(the above is my weekly commentary that accompanied my sunday morning links emailing, which in turn was mostly selected from my weekly blog post on the global glass onion, and also includes other links of interest…if you’d be interested in getting my weekly emailing of selected links that accompanies these commentaries, most coming from the aforementioned GGO posts, contact me…)

Sunday, March 10, 2013

February’s employment; January’s trade deficit, consumer credit and the LPS Mortgage Monitor

Percent Job Losses During Recessions on the the face of it, the Employment Situation report for February from the BLS was better than what we've been seeing; payroll employment increased by a seasonal adjusted 236,000, and the unemployment rate fell to 7.7% from January's 7.9%, the lowest headline rate in over 4 years..and while the 236,000 jobs added was not even up to the average 250K jobs added each month during the Clinton years, when we were already at full employment, it's the most added in a year save November, when the final job number was boosted to 247,000 by the massive adjustments in January...this month's revisions were slightly negative overall; January's payroll jobs increase was revised down to 119,000 from 157,000, while December's jobs total was revised up to 219,000 from 196,000...lest we start to think that we're making some kind of progress, included to the right is Bill McBride's chart comparing job losses from the previous employment peak for all post war recessions; you can see that job losses were more than twice as bad as any recessions other that 1948 and 1957, and that the duration is already over twice as long as all but the 2001 recession, & there's still more than 2% less jobs - 3,200,000 in fact - than there were 61 months ago, even though the population has increased by 13,000,000 over that span...

job losses gainsaccording to the jobs data gleaned by the establishment survey, private sector job gains were pretty much across the board; only the government sector continued to shed workers, employing 10,000 less than january...sectors showing the most job gains were professional and business services, which added 73,000 jobs, 44,000 of which were in administrative and support services, including services to buildings, and 11,000 of which were in accounting and bookkeeping...employment in construction also increased by 48,000, with most of the growth in specialty trades, split nearly evenly between residential and non-residential; unlike last year, that doesnt seem to be an aberration caused by unusually warm weather...the health care sector also gained 32,000 jobs, split between 14,000 in ambulatory health care services, 9.000 in residential care facilities, and 9000 in hospitals...other sectors with decent gains included retail trade with 24,000 new jobs, and information processing with 20,000...average earnings for all private payroll employees rose by 4 cents to $23.82, while average earnings non supervisory employees rose 5 cents...there was a rebound in hours worked as well; the average workweek for all employees on private nonfarm payrolls was up 0.1 hour to 34.5 hours, while the manufacturing workweek rose 0.2 hours to 40.9 hours...factory overtime also increased by 0.1 hour to 3.4 hours…but even though the averages may be up, most middle class jobs that could support a household are not being replaced; the chart to the left from a slide presentation by the San Francisco Fed shows that the lion’s share of jobs lost during the recession have been middle income jobs paying $13.84 to $21.13 an hour, while the majority of new jobs created during this recovery have been low paying jobs from $7.69 to $13.83; mid-wage jobs have made up just 27% of new jobs since 2008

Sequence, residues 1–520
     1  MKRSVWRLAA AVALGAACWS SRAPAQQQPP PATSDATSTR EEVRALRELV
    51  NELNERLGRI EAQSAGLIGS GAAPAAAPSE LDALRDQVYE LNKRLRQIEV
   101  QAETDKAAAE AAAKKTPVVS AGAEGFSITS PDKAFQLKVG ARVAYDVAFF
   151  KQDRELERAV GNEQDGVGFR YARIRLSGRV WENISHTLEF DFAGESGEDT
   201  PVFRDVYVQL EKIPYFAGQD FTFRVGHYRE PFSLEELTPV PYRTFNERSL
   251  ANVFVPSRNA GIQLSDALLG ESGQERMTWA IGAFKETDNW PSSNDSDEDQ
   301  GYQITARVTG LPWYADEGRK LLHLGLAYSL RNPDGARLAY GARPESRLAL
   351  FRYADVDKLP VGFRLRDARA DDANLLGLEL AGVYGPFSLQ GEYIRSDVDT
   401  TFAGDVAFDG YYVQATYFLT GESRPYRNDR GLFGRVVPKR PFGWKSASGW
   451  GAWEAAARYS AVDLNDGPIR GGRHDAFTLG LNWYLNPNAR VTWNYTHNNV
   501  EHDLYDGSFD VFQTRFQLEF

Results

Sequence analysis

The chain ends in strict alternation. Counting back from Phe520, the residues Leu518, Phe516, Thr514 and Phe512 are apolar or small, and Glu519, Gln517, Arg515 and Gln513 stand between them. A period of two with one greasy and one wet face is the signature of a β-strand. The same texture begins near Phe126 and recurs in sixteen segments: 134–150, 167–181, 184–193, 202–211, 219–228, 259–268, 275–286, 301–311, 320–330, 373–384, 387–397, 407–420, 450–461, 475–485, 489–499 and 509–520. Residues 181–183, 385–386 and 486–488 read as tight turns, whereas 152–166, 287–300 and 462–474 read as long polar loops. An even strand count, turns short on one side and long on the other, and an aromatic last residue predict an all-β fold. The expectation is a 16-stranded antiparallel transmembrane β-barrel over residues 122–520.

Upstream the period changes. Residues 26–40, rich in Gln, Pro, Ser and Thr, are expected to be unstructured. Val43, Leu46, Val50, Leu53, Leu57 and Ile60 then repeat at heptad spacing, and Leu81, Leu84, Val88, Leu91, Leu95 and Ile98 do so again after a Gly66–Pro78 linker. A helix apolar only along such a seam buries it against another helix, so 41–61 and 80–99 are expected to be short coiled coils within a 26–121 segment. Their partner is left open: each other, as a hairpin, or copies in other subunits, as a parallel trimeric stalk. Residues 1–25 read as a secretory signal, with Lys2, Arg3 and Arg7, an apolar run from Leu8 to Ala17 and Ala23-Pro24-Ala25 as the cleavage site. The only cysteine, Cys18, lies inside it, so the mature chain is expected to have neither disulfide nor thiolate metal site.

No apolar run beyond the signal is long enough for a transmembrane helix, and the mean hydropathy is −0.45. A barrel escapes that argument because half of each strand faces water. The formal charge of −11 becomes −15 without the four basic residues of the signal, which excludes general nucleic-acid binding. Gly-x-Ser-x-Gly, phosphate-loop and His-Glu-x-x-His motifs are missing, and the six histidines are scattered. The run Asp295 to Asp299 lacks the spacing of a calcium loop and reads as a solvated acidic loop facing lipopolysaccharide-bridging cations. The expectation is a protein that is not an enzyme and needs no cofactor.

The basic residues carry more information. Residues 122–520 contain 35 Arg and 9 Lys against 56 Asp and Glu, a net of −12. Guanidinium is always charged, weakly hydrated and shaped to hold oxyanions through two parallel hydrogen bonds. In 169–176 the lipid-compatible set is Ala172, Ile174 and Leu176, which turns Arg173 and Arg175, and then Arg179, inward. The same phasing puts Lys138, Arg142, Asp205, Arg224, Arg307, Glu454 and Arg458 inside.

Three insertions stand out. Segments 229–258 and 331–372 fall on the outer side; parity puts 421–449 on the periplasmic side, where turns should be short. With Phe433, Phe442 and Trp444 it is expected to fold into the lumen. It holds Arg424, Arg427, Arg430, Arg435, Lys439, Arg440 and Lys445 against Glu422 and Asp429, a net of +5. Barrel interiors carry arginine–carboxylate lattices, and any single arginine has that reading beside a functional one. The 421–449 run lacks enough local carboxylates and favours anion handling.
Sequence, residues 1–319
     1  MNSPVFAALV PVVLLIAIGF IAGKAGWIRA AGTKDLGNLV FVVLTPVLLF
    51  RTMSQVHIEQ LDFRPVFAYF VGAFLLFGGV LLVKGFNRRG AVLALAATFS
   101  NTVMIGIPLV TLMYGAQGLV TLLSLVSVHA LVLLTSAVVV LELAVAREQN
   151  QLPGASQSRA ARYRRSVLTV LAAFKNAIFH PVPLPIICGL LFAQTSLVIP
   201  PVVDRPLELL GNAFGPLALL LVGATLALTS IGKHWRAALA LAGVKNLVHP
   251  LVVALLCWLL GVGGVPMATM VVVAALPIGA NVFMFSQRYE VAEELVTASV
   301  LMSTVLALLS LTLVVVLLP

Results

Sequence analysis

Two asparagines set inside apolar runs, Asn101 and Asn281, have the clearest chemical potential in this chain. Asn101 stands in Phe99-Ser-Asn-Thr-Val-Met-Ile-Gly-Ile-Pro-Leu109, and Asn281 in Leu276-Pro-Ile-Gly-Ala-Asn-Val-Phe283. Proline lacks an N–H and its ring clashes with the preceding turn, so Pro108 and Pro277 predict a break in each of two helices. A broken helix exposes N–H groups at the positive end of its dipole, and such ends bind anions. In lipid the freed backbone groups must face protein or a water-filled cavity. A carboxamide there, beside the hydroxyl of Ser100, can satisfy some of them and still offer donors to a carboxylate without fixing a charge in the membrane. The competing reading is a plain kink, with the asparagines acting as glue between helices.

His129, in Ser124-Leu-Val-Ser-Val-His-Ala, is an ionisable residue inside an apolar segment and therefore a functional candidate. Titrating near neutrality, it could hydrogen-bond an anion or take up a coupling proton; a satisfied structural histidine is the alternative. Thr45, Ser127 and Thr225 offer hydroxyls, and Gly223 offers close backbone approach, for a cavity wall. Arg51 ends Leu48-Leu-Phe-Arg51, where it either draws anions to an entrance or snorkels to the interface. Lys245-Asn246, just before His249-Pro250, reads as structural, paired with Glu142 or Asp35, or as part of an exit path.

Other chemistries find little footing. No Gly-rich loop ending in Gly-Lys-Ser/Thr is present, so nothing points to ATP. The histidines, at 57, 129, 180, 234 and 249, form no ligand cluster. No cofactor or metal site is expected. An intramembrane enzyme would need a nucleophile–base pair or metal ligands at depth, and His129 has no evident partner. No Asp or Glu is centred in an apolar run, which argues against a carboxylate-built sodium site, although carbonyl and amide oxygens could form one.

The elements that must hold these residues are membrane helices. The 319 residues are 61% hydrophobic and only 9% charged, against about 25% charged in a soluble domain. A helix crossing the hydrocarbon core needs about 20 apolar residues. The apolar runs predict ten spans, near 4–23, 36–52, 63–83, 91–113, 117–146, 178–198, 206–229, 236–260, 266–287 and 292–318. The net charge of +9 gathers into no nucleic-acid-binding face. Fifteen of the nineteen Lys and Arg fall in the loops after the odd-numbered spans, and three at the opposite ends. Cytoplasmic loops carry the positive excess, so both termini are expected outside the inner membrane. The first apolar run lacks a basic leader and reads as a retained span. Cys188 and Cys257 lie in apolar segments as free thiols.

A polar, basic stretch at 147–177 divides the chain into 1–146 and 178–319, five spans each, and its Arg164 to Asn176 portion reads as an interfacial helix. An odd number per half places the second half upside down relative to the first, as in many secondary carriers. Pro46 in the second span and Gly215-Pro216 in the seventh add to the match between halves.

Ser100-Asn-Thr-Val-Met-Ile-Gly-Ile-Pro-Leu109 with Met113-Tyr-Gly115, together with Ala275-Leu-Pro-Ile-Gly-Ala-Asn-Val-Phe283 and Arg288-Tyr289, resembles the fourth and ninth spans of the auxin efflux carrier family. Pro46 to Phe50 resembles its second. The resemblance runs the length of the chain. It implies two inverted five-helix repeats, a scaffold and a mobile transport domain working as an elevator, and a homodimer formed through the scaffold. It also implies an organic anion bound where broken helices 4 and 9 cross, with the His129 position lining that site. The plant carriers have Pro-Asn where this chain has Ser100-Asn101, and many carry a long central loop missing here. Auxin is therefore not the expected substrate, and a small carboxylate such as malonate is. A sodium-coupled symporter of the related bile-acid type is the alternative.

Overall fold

FRED Graph the jobs data gathered by the February Household survey was not as encouraging as the headline decline in the unemployment rate would lead you to believe, and it includes some details that lead us question the apparent positive results from the establishment survey...with the caveat that the seasonally adjusted numbers posted in this series are extrapolated from questionnaires of just 60,000 households and have a margin of error on the order of ±400,000, we'll first take a look at how that lower unemployment rate was arrived at...the number of those who reported they were employed rose by 170,000, while the number of those reported as unemployed declined by an even greater 300,000, indicating a net 130,000 people stopped looking for work over the month, and thus weren't counted....this meant a 130,000 decline in those in the labor force to 155,524,000, off of which unemployment rates are calculated...the lower number of unemployed (12,032,000) is 7.7% of that, our lowest calculated unemployment rate since Obama took office; however, due to the accompanying decline in the labor force, the labor force participation rate actually fell by 0.1% to 65.6%, a scant 0.1% from the recent low, seen in red on our chart...and with the working age population of those not in jail or the army increasing by 165,000; the employed to population barely budged, and was statistically unchanged at 58.6%, graphed in blue...combined with the increase in population, the total number of us considered "not in the labor force" increased by 269,000 in February….other data in the household survey revealed more disturbing trends; the number of the long-term unemployed, those of us out of work for 27 weeks or longer, rose to 4.797 million from 4.708 million and now account for 40.2% of those counted as unemployed; the number of part time jobs rose 459,000, and 444,000 of those working at them didn't even indicate they were looking for full time work; thus the alternate unemployment rate, U-6, also dropped from 14.4% to 14.3%...part of the reason for that may be that there were 340,000 more of us reporting that we were working more than one job to make ends meetMIsh attributes the loss of full time jobs to the obamacare mandate, wherein employees who work 30 hours or more must be covered by their employers, and there has been acedotal evidence some of this is taking place...